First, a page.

The World Health Organisation (WHO) is preparing an app to aid people analyse whether they might have the fatal coronavirus. The app is expected to launch this month and hopes to help and do well in countries that lack resources. The most important feature that is being looked at is proximity tracing.
The app will also include symptom analyses by asking people certain questions consequently giving information on whether they may have contracted the infectious disease. Moreover, to educate people on where and how to get tested, the app will be customised according to the country of the user.
Most importantly, the app will be able to monitor and log the user’s movements to record and alert if one ever came across an infected individual. Contract tracing becomes essential when people in need of essential items are obligated to move out of their houses. Also, economies that are slowly opening up will benefit greatly from keeping a tap on an individual’s whereabouts.
‘Virtual Handshakes’ is what has been used to refer to the event of two phones being in the vicinity of a few feet for at least 5 minutes. The technology involved with tracing permits access to proximity tools which could be seriously misused later by businesses for personal gains. These concerns have been expressed by Bernardo Mariano, the chief information officer for the WHO. “We want to make sure we ring-fence all the risks around it” he said.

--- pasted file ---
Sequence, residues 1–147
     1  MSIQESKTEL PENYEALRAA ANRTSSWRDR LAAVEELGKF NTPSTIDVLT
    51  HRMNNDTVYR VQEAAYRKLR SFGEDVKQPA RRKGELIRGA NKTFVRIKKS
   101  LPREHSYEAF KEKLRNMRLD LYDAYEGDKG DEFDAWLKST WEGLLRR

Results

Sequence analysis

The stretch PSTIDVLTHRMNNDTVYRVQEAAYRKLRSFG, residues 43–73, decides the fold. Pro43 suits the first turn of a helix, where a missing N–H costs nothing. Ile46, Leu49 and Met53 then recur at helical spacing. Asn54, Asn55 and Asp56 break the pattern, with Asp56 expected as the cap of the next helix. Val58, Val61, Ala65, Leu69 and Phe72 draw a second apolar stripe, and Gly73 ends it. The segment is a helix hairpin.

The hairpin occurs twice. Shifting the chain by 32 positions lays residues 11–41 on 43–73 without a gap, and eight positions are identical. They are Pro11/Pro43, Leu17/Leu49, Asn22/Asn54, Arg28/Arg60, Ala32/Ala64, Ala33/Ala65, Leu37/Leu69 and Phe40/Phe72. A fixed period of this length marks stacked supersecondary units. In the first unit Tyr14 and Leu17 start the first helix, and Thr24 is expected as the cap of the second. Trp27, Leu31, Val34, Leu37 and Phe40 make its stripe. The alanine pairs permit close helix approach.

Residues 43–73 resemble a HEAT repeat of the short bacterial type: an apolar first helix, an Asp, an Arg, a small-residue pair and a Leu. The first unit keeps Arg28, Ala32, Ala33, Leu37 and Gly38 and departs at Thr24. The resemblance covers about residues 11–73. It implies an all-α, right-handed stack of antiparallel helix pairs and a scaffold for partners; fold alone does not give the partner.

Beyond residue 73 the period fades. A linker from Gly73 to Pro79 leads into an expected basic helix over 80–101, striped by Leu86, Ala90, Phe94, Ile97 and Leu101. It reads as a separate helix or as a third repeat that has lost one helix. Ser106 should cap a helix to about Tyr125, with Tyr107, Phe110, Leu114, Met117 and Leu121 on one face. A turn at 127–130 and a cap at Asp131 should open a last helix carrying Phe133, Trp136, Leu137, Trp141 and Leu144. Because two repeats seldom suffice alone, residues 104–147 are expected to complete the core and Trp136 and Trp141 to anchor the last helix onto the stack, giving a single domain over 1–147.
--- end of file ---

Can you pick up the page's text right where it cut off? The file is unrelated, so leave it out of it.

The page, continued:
Google and Apple have already joined hands with WHO and assured that their systems won’t be using any of the user data for wrongful motives and will cease the specific technologies once the pandemic ends.
Even though some countries including India have already released apps for the virus and have similar aims and features, WHO will still release the application globally. The countries will have full access to make additions according to citizen convenience and even release their own versions on app stores.
Mariano talked about how “The value is really for countries that do not have anything.” In order to reach remote areas with limited to no internet access, information will be received via text messages.
Mariano also mentioned focusing on mental health in the midst of the pandemic and plans on including a self-help guide for the same. WHO already has a general app which is extremely similar to its website. Besides this, the organisation is also working on an app for Healthcare workers which is scheduled to release next week. The app aims to guide workers about undertaking the best measures, from protective gear to washing hands.